Why Big Breaks are Bullshit, and other tales from the Writer’s Life

My housemate is a lovely person. She tends to talk me up to people. When she was explaining what I do for a living, and that I’m an author, her work colleagues asked, ‘that’s great. Is she just waiting for her Big Break now then?’

Big Breaks are a myth. There is no one defining moment in a writer’s life that means they’ve ‘Made It’. Often, we think getting an agent, or getting a publishing deal, or finishing a body of work is the Big Break. But I’m a firm believer in the fact that even though those rituals are recognised (and really exciting) they are only one more step on the journey.

We don’t wait around for breaks, we make them. By writing the book, by talking to authors and bloggers and reviewers, by blogging and connecting and entering competitions and continuing to have belief in our goals, no matter what.

The goal posts are constantly shifting for authors. First it’s agent, then publishing house, then bestseller, then multi-book deals, then royalty percentage. Then what about the movie deal? And is it really any good? Maybe you’ve got all these things, but people still think you’re waiting to ‘make it’ because they haven’t heard your name, or haven’t seen you on the cover of Hello Magazine.

We confuse success with fame, and we confuse creative lives with lives of ease. When you do something as a job, it involves dedication and hard work, regardless of whether you love it or not.

The writers who ARE sitting around waiting for their big breaks, well, I don’t classify them as writers. I consider them to be Writers-in-Waiting. If you don’t have the confidence or commitment to chase after your dreams, even in the face of derision or judgement, well, you’re in waiting. And there’s nothing wrong with that. But it’s the nature of the game that no-one is going to come along and drop a multi-billion pound book deal in your lap if you’re not doing all the groundwork.

Ways to Make your Own Breaks:

Write. Every day. Find your pattern. Find your story. Make it happen.

Talk to people, but more importantly, LISTEN to people. Out of interest, not just about how they’re of interest to you.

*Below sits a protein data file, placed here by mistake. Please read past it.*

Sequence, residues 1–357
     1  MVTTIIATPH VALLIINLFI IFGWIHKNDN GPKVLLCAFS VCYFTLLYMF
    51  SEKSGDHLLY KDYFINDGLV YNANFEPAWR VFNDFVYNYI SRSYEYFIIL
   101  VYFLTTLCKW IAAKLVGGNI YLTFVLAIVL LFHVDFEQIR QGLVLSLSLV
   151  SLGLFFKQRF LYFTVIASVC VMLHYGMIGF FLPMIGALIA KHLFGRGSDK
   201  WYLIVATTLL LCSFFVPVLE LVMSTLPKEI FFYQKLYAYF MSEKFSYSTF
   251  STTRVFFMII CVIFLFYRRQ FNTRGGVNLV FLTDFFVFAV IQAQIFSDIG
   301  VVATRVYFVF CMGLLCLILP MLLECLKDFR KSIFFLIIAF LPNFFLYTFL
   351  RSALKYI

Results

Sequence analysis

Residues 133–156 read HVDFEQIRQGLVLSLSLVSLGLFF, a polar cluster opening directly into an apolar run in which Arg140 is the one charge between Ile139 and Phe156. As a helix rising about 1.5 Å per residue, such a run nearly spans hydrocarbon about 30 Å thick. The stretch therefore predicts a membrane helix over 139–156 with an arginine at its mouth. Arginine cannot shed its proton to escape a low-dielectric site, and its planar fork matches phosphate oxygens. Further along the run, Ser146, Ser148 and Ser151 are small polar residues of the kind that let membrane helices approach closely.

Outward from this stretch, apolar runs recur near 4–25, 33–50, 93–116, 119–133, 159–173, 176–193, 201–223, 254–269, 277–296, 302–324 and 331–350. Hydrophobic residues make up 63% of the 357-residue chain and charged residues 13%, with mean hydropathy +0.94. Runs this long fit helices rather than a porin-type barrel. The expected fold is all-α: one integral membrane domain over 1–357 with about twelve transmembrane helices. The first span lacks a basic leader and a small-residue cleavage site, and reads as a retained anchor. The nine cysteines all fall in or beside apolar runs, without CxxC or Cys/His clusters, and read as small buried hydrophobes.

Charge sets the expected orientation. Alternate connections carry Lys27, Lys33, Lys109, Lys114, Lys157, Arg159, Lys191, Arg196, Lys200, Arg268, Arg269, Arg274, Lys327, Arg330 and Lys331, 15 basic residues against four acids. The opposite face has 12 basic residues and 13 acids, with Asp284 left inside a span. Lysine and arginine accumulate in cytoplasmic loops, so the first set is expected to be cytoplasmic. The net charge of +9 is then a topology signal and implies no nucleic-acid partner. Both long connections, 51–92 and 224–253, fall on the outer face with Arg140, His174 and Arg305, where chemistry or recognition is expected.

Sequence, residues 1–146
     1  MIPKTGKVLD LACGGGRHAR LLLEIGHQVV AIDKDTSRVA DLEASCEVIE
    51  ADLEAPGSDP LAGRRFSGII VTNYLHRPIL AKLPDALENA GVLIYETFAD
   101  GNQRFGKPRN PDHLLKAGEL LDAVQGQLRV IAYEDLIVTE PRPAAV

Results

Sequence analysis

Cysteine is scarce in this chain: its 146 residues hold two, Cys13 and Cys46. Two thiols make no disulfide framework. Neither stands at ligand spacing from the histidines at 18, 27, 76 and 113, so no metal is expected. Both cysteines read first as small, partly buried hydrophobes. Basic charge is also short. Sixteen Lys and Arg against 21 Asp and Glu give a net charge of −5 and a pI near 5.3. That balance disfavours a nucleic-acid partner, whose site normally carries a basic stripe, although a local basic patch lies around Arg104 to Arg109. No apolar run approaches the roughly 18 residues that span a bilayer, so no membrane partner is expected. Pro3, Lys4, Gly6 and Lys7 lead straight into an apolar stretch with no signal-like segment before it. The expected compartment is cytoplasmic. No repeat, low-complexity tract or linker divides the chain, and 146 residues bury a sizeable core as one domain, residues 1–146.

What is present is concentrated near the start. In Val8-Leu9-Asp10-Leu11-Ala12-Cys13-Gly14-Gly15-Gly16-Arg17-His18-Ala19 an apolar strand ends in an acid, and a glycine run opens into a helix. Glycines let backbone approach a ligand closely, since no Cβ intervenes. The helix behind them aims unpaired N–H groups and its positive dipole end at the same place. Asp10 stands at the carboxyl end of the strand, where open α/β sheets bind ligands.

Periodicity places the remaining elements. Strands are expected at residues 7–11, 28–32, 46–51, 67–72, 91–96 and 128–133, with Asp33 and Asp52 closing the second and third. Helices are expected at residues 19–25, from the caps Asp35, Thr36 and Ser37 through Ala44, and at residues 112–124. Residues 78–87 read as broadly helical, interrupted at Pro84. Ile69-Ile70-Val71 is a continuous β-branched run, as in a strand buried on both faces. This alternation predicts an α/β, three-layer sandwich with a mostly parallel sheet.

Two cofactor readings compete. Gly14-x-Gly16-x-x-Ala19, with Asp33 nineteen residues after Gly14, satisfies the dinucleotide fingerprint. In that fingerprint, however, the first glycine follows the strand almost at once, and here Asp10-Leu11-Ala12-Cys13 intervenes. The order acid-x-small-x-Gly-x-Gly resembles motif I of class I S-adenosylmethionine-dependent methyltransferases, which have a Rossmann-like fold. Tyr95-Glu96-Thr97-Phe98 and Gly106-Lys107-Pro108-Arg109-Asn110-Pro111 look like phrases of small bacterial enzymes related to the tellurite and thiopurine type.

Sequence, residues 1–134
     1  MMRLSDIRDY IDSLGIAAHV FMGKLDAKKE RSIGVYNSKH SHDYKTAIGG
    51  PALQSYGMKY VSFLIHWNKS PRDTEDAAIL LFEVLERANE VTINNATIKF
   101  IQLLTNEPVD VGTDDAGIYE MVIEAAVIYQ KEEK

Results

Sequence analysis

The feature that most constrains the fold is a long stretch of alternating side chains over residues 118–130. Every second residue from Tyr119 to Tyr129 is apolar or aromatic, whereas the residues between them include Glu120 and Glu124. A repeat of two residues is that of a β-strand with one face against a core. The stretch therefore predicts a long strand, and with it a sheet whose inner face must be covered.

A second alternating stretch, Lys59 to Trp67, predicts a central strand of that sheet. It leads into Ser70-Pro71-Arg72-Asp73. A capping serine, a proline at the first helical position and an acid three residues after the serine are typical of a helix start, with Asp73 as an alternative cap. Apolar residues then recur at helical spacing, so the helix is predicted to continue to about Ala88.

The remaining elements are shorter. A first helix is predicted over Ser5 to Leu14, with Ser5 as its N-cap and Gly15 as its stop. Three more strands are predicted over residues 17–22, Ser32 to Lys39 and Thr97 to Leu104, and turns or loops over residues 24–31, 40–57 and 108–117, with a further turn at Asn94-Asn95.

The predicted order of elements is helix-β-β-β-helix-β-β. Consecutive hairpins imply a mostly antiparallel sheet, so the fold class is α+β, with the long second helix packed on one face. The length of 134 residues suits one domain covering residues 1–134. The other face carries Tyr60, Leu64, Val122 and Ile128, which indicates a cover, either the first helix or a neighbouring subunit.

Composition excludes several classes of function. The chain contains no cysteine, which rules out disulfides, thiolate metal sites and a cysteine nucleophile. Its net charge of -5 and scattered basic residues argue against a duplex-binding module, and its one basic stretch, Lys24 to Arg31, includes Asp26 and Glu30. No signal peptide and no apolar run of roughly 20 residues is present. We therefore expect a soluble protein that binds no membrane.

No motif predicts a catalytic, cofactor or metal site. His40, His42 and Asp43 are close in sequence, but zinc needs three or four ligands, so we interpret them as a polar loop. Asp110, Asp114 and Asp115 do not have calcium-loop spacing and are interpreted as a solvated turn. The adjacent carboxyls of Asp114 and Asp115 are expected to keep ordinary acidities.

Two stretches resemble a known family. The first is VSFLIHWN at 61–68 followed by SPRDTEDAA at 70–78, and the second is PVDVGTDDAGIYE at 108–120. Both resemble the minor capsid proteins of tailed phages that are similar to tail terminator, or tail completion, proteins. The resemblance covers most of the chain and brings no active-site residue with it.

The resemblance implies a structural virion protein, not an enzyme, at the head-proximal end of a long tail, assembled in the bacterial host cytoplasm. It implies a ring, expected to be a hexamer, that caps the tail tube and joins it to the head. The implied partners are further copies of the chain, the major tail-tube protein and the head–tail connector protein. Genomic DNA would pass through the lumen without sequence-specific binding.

Enter competitions, blog, tweet.

Build a brand based on who you really are. Spend some time navel gazing. Think about what you want to write about, what kind of writer you want to be, and where you want to go.

Think about how you define success for you. When will you feel like you’ve achieved what you wanted? What are your goals? What are you working towards?

Keep doing this every day, every week, every month, and regardless of whether you even think you’re any good, I guarantee someone else will. Baby steps. Not one big break, but many little ones.




Giving Yourself Permission to Write

Even as a professional writer, taking the time to write feels a bit selfish. Yes, I’ve got a deadline, and yes, it’s a business, but still. I get to sit here and make up stories, and it feels a little self indulgent. I could be doing my laundry, or cleaning the house, or advertising the book. We often take the stance that this is procrastination, and sometimes it is. But other times, it can come from the idea that what we’re doing isn’t worthy of the time we’re spending on it.

Writing is something just for you. In many ways it’s a completely solo activity. Obviously, this isn’t always the case, people write in a group, and share stories, create together, but usually, the process of drawing out a story from within you to on the page, is a personal journey. Learning that the stories you have to tell are relevant and important is necessary to work well. If you think about it in terms of your feelings, regardless of how the work will be received or what others will say- you have a story within you, and you need to get it out. If the story stays untold, unacknowledged, it’s not going to be good for you. It’ll sit forgotten, itching at you. Like many things that reoccur and pop into our heads, nudging us for attention, it’s important to listen to them.

To ignore your artistry is to ignore how you work, and how you feel about it all. I run Writing for Wellbeing Workshops, and these are a fairly new and holistic way of using creativity. It’s thinking about the process and not about the outcome. Obviously, the writing you produced has a part to play, and often you’ll create some beautiful and meaningful work. The reason people come to these workshops is because they feel they need permission to spend the time on their writing, to take a break from their lives for the day, and focus solely on them and their creativity. It’s a brilliant atmosphere, and the hope is that when you finish the day, you’ll take away the sense that writing is good for you, and it’s not selfish to do it, but necessary and helpful to you.

There’s more details on the workshop here, but always try to remember that anything you do has purpose, and you can’t feel guilty about that.

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